There were 875 households, of which 23.1% had children under the age of 18 living with them, 40.1% were married couples living together, 10.5% had a female householder with no husband present, 3.1% had a male householder with no wife present, and 46.3% were non-families. 40.5% of all households were made up of individuals, and 16.6% had someone living alone who was 65 years of age or older. The average household size was 2.03 and the average family size was 2.73.
The median age in the town was 46.9 years. 17.5% of residents were under the age of 18; 7.3% were between the ages of 18 and 24; 22.6% were from 25 to 44; 30.2% were from 45 to 64; and 22.5% were 65 years of age or older. The gender makeup of the town was 47.7% male and 52.3% female.
As of the census of 2000, there were 1,930 persons, 787 households, and 447 families living in the town. The population density was . There were 918 housing units at an average density of . The racial makeup of the town was 98.13% White, 0.73% African American, 0.16% Native American, 0.57% Asian, 0.16% from other races, and 0.26% from two or more races. Hispanic or Latino of any race were 0.78% of the population. 33% of Oakland's residents were of German descent, 11% English, 11% Irish, 6% Italian, 2% Dutch, 2% French, 2% Polish, 2% Scottish, 2% Scotch-Irish and 2% Swedish. People of Swiss, British, Welsh and Hungarian descent each comprised 1% of the population.
There were 787 households, out of which 25.3% had children under the age of 18 living with them, 43.6% were married couples living together, 9.8% had a female householder with no husband present, and 43.1% were non-families. 38.8% of all households were made up of individuals, and 18.7% had someone living alone who was 65 years of age or older. The average household size was 2.09 and the average family size was 2.75.
In the town, the population was spread out, with 18.5% under the age of 18, 9.4% from 18 to 24, 24.0% from 25 to 44, 23.2% from 45 to 64, and 24.9% who were 65 years of age or older. The median age was 43 years. For every 100 females, there were 85.8 males. For every 100 females age 18 and over, there were 84.2 males.
The median income for a household in the town was $26,728, and the median income for a family was $38,750. Males had a median income of $29,625 versus $21,542 for females. The per capita income for the town was $16,872. About 13.3% of families and 19.0% of the population were below the poverty line, including 21.9% of those under age 18 and 21.0% of those age 65 or over.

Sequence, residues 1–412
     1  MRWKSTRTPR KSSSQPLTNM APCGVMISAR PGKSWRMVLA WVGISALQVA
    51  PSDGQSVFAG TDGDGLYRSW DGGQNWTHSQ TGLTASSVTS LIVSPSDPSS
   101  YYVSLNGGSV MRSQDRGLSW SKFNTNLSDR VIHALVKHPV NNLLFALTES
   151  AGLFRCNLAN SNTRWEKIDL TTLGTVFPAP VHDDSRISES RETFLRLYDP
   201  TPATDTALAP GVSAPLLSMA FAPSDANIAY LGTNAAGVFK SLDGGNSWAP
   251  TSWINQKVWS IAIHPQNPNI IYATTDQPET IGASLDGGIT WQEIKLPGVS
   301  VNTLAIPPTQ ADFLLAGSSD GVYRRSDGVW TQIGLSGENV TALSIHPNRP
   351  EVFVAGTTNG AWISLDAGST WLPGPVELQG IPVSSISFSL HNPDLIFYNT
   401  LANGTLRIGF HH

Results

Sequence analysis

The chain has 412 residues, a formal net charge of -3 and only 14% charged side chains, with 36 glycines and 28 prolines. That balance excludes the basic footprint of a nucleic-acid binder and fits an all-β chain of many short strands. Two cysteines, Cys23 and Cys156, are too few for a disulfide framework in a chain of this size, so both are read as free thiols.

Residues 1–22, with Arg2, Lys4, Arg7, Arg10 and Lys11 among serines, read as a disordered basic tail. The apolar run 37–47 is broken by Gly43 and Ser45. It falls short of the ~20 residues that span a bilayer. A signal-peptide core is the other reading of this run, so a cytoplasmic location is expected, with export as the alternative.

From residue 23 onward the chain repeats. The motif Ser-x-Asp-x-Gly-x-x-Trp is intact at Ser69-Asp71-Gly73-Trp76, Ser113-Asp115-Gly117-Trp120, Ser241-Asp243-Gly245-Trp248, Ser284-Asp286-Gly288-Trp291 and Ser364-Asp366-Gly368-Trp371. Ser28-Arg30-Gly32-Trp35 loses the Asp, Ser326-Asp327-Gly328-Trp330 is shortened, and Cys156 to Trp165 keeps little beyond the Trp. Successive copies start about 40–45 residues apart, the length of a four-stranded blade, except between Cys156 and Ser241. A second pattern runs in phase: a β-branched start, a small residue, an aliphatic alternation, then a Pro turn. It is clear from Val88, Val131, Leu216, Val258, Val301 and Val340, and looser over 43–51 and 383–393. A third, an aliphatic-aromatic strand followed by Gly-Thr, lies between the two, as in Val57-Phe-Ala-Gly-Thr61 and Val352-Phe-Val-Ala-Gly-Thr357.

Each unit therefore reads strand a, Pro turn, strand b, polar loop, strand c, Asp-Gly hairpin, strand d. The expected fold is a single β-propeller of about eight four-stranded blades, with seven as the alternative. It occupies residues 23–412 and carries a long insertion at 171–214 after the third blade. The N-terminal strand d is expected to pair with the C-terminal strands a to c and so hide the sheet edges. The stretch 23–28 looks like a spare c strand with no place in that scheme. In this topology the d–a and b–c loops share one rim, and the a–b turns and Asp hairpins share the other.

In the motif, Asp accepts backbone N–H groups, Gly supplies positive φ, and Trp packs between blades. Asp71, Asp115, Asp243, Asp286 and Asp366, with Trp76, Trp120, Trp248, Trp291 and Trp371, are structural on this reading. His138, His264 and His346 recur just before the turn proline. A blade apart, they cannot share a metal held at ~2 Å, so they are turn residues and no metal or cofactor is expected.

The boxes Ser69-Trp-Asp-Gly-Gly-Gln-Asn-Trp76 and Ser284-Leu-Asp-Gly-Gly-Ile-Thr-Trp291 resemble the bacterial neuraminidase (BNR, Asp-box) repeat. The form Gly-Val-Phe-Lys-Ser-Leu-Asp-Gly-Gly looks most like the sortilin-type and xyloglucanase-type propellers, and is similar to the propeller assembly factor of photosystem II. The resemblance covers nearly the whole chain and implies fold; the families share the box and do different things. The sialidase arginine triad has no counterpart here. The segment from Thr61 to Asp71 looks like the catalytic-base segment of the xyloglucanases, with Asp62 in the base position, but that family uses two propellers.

The Oakland area is home to an Amish community that consists of a church district of about 70 homes. The Amish community dates back to 1850 and became associated with the New Order Amish, with electricity permitted inside of homes. The Amish community in Oakland has a small number of converts to the Amish faith, a rarity in the Amish world. There are only between 150 and 200 Amish converts in the United States out of a population around 200,000. The Lancaster County, Pennsylvania Amish have had only one successful convert in over 100 years.
Several state-maintained highways serve Oakland. The most prominent of these is U.S. Route 219, which follows Garrett Highway, Oak Street and Third Street through the town. To the north, US 219 connects to Maryland Route 42, Interstate 68 and U.S. Route 40, along with the towns of Accident and Grantsville, before passing into Pennsylvania. Heading south, US 219 briefly passes through Mountain Lake Park and connects with U.S. Route 50 before entering West Virginia. Two other state highways, Maryland Route 39 and Maryland Route 135 also serve Oakland. MD 39 heads northwest to West Virginia, while MD 135 heads east, connecting to Maryland Route 560, Maryland Route 38 and Maryland Route 495, as well as the towns of Mountain Lake Park and Deer Park, before entering Allegany County near the town of Luke.
Attractions and events
The Oakland post office is home to a Depression-era mural, Buckwheat Harvest, painted by American artist Robert Franklin Gates. Gates was funded by the Treasury Section of Fine Arts to complete the mural as part of President Franklin Roosevelt's New Deal. Gates was probably inspired by Garrett County's strong tradition of growing buckwheat.
Oakland is home to the Oakland B&O Museum and the Garrett County Museum of Transportation.
This page uses material from the Wikipedia article OAKLAND, MD, which is released under the Creative Commons Attribution-Share-Alike License 3.0. Township-6t4ab-c4u-75d-ef78-iy9